After a series of headline-grabbing rulings in the ongoing legal drama between Jerry Siegel's heirs and DC Comics regarding the copyright of the Superman story in Action Comics #1 (which, generally speaking, means the copyright on Superman), this most recent District Court ruling is relatively low key, although still quite important for both sides.
The issue at stake here was strictly a financial one. Siegel's heirs, as owners of one-half of the Superman copyright, are entitled to half of the licensing money that DC Comics took in for the character from 1999 until today. Of course, though, the major Superman licensed film and television products, the film Superman Returns and the TV series Smallville, were both done through Warner Bros. Entertainment which, just like DC Comics, is a wholly owned subsidiary of Time Warner Inc.
Therefore, the Siegels argued that the licensing agreement between DC Comics and Warner Bros. Entertainment were for below market value and contained unfair terms, under the theory that the two corporate "siblings" basically struck a wink wink nudge nudge deal due to their corporate connection. If the District Court ruled that were the case, then the Court could determine a "fair" price and award the Siegels half of that figure. That could very reasonably be in the millions of dollars, making this an important case from a financial perspective.
The United State District Judge in the case, the Honorable Stephen G. Larson, heard testimony for ten days from both sides, and in the end, he ruled that both the Superman Returns deal and the Smallville deal were for "fair market value," and that the Siegels were not entitled to any more money at the moment. However, Larson did hold that due to certain terms in the Superman film agreement, the Siegels could still have an actionable claim in the future.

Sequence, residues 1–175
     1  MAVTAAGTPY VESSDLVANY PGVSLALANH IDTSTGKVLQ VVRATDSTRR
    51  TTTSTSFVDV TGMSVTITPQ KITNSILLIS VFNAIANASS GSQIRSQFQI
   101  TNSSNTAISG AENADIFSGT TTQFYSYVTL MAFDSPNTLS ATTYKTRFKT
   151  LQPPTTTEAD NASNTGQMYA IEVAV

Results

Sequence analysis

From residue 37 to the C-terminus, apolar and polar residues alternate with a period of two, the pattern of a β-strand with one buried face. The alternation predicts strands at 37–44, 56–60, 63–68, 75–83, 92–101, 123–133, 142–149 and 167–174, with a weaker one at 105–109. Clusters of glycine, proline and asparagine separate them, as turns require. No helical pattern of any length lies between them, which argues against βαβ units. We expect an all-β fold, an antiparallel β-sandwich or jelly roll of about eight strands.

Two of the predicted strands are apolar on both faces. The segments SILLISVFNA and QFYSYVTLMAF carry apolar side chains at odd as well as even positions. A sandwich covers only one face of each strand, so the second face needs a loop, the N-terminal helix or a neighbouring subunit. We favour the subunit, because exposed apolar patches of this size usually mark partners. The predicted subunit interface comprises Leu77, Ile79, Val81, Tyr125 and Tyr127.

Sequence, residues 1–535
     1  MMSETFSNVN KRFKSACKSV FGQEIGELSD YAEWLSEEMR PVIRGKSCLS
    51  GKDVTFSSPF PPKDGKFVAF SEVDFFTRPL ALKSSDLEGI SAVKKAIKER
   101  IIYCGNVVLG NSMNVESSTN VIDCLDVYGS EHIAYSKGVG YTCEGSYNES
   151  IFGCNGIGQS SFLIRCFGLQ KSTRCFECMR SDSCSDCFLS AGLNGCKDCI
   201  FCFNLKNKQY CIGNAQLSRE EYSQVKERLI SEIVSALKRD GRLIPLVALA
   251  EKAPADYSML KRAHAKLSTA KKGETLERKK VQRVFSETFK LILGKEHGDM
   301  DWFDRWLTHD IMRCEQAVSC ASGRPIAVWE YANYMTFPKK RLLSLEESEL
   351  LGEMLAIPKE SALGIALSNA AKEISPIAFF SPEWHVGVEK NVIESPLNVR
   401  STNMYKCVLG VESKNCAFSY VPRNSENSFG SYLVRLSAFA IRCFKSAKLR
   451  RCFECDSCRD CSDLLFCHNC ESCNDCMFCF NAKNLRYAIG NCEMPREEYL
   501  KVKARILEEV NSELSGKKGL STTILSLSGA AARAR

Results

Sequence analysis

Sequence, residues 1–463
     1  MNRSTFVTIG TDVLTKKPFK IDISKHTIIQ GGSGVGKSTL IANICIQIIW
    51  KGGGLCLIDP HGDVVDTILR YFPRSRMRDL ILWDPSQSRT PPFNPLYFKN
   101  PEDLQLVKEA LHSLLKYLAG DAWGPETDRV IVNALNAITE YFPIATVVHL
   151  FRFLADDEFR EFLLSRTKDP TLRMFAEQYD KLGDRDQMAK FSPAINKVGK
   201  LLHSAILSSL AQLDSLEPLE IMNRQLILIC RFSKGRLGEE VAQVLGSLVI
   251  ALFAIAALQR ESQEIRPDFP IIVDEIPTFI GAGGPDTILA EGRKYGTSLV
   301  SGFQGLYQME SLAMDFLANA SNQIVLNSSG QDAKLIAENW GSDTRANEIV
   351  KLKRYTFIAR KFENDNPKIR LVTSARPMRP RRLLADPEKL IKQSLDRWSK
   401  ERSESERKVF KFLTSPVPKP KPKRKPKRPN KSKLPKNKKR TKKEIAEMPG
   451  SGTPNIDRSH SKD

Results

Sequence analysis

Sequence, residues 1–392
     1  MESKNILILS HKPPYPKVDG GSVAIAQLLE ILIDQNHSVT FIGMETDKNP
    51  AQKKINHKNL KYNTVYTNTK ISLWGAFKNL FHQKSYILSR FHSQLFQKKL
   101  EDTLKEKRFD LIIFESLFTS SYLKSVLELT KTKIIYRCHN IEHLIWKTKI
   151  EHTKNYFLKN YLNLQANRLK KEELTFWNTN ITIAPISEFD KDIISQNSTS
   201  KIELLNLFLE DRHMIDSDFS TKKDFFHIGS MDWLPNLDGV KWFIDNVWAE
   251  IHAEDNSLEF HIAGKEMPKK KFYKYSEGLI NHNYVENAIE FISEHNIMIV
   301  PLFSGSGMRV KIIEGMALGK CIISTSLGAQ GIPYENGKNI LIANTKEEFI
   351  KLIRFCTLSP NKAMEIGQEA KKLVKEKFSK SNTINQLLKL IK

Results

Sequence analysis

A major point that you have to understand is that it is not the Court's responsibility to determine if DC Comics got the best deal possible, but only that the deal was reasonable. In fact, Larson basically seemed to come down on the side of thinking that the licensing fee DC was paid for Superman Returns was on the low side of things, but he did not feel that it was unreasonably low. Larson specifically denied the Siegels' claim that Superman should be treated like a major novel or a musical, as Larson agreed with the defendants that in the case of comic book licensing, the film company is licensing the characters, not the story (as noted by the many years that Warner Bros. Entertainment spent trying to come up with a workable script for a Superman film). When a film company licenses a novel, however, they're basically getting a rough screenplay right from the beginning, and as such, popular novels and musicals are much more valuable. So even if Larson felt that the licensing fee was a bit on the low side, it was still a reasonable fee.
The Smallville television licensing agreement, on the other hand, was found to be quite typical, so Larson had little problem stating that that agreement was fair market value.
An issue where Larson did side a bit more with the Siegels was on the issue of the reversion rights for the property. Warner Bros. Entertainment has the exclusive rights to develop the Superman property for another film for basically the entire length of DC's ownership of the Superman copyright. Therefore, the Siegels argued that this lack of a reversion clause (something like "if you don't make a Superman movie by Year 20XX, then you lose the rights to the film") has caused Warner Bros. Entertainment to drag its feet (after all, it is already on record that they took quite a long time to make Superman Returns), which resulted in the Siegels losing money. Larson was receptive to this argument, but was also receptive to the counter-argument that says it is far too speculative to presume that a sequel would have been made (or have begun production, at least) by this time, so that any damages to the Siegels' financial interest was also too speculative. So he came upon the compromise stating that if Warner Bros. Entertainment has not begun filming a Superman film by 2011, then the Siegels could bring about an action for damages based on the lack of a reversion clause in the licensing agreement.
All in all, though, Larson basically held that DC Comics and Warner Bros. Entertainment did not undertake any unfair dealings, so the Siegels did not (for now) gain any extra money. It's not exactly a sexy decision, but when you're talking millions of possible dollars at play, it's still an important one.
Brian Cronin has been a practicing attorney in New York since graduating from Fordham Law School in 2004.